PORTLAND, Me — The Thinking Matters event allows USM, SMCC, and CMCC students to show-off their research. In turn, people can learn about important issues such as the improvements of meditation on children, how stormwater runoff can contribute to an ecosystem imbalance or how Maine public schools teach sex education. This is the day when students get to educate and share their research, work and passion.
At 8 am, Thinking Matters began with students pinning their posters up. Two of whom was USM’s Emily Epstein and David Wright. Their project “Mindfulness and Well-Being in School-Age Children and Adolescents: A Systematic Literature Review” is a guide to the scientific studies of how mindful meditation improved children’s mental and emotional function. Epstein and Wright found that children who meditate had a positive perspective and balanced emotional state.
According to the literature, a school-aged child’s brain is highly influential. They also discovered that in follow-up studies in times of prolonged stress, students continued to do well on managing their mental and emotional state.
Thinking Matters isn’t just for USM students. For the event, the new SMCC chair of biological science department Daniel Moore mentored his students. One of whom was Nicolle Dauphinee. Her presentation “International Collaboration and New Technology can Reveal Rare Genes that Determine Height” dealt with how new technology such as the Exome Chip can decode rare DNA variants.
The Exome Chip is capable of finding mutations and variants across thousands of DNA tests. According to Dauphinee, the literature suggested that abnormally tall or short people had these rare gene variants. So far, by using the Exome Chip, scientists have reported 83 genetic mutations that can influence height.
Carla Woodward is another SMCC student presented her project “Synaptic Plasticity and Signal Transduction Gene Polymorphisms and Vulnerability to Drug Addictions in Populations of European of African Ancestry.” She researched a study that looked at 185 single nucleotide polymorphisms (gene variants) in 32 genes that relate to brain nerve cell development.
Woodward investigated several inherited mutated genes that correlate to drug addiction and how they can be passed down in both European and African families suggesting that there is a genetic influence on addiction.
In the USM biology department, Sharon Mann wrote and did her own experiment for her Thinking Matters presentation the “Effects of Water Quality on Boldness and Movement of the Common Periwinkle (Littorina littorea).” Mann’s research suggested that bacteria have an affect on periwinkle behavior.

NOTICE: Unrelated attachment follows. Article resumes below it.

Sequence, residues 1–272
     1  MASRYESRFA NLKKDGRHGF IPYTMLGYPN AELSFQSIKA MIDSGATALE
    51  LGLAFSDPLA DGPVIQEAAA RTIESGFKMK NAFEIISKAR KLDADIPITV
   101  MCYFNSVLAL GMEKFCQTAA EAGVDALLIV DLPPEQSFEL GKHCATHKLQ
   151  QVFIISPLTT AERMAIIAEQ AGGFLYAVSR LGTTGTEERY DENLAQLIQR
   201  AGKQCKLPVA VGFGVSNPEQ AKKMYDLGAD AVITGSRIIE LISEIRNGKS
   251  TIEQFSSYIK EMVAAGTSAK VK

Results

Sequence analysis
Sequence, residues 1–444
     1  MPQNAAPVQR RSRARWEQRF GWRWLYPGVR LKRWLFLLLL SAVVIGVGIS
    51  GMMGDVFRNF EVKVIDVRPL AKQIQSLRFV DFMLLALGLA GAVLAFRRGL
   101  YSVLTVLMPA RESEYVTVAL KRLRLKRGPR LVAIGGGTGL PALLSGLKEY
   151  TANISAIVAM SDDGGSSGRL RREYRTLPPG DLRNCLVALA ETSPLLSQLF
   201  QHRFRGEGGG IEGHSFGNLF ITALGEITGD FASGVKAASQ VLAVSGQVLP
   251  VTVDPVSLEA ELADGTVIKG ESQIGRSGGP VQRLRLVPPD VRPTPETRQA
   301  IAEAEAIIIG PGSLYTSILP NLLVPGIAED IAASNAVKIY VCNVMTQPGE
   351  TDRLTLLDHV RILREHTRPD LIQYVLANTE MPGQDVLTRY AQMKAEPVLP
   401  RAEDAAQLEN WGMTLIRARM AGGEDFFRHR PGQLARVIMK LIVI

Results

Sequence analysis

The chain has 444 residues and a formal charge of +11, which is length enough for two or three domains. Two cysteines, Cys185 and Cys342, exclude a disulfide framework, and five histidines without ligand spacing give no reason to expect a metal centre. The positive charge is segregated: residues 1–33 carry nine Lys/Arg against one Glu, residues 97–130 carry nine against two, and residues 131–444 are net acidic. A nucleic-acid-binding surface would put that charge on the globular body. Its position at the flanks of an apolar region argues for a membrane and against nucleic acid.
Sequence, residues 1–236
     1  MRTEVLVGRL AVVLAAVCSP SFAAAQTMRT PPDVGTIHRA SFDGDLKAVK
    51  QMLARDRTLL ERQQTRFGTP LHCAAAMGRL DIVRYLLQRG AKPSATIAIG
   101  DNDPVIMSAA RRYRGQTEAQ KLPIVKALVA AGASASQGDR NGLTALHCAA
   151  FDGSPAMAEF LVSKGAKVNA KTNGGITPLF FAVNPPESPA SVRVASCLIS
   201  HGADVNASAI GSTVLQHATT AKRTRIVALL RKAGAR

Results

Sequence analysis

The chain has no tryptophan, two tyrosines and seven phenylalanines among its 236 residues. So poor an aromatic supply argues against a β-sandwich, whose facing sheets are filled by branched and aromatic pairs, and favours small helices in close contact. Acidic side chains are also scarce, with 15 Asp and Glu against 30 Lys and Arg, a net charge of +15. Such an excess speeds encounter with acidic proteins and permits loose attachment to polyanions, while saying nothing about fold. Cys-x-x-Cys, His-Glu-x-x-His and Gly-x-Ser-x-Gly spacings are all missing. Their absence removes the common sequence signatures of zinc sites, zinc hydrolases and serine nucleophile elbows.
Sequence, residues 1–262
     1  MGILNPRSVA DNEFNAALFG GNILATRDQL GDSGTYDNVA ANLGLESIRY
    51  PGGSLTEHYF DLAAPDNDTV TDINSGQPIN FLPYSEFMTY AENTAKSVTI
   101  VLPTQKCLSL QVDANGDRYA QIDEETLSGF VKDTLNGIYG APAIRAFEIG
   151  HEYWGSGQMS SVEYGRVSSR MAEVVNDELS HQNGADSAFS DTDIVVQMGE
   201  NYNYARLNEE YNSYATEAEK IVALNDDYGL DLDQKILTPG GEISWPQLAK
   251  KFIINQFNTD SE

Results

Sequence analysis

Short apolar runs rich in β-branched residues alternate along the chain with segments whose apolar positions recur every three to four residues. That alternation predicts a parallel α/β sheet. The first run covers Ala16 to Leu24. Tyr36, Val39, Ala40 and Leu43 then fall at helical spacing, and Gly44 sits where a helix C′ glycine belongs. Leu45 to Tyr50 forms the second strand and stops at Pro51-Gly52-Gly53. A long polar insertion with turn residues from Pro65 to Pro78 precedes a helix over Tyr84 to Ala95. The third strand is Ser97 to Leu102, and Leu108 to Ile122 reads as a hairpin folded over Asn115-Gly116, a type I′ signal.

“The reason why boldness matters is because the more bold you are [periwinkle], the more you’re saying ‘hey, come eat me,’” said Mann. According to Mann, when poked, periwinkles slide back into their shell to protect themselves. If they stay out of their shell, they are likely to be eaten. She said that her research suggested that E.coli in stormwater runoff in Spruce Creek and two other polluted areas influenced periwinkle behavior, which can affect their population.
At noon, fresh sandwiches and drinks were brought out. President Cummings and SMCC President Ron Cantor spoke in Abromson auditorium about how important is to have students from different colleges come together to showcase their work. While the audience ate their lunch, awards were given to USM, CMCC, and SMCC mentors.
After lunch, in the School of Social Work, Grace Nevins and Michael Johnston explain their poster “The Student Experience of Sexual Education in Maine Public Schools.” According to Nevins and Johnston, interviewees wanted an open honest discussion about sex, diverse information on sexual health, and instead of going to a teacher or a friend, admitted to searching on the internet about sex.
Participants said that Maine public schools don’t facilitate a comfortable environment, lack sufficient information and don’t explain sexual health for all students. According to public school students, instead of communicating and forming friendships with students, faculty members in Maine public high schools don’t always make sex education a critical aspect of the curriculum.
Whether it be a guide on scientific studies, research piece or a poster about an experiment, the Thinking Matters event let’s students to research, learn, present and teach what’s important to them. Giving students opportunities to shine a light on topics invisible to others helps Maine grow. That’s why Thinking Matters.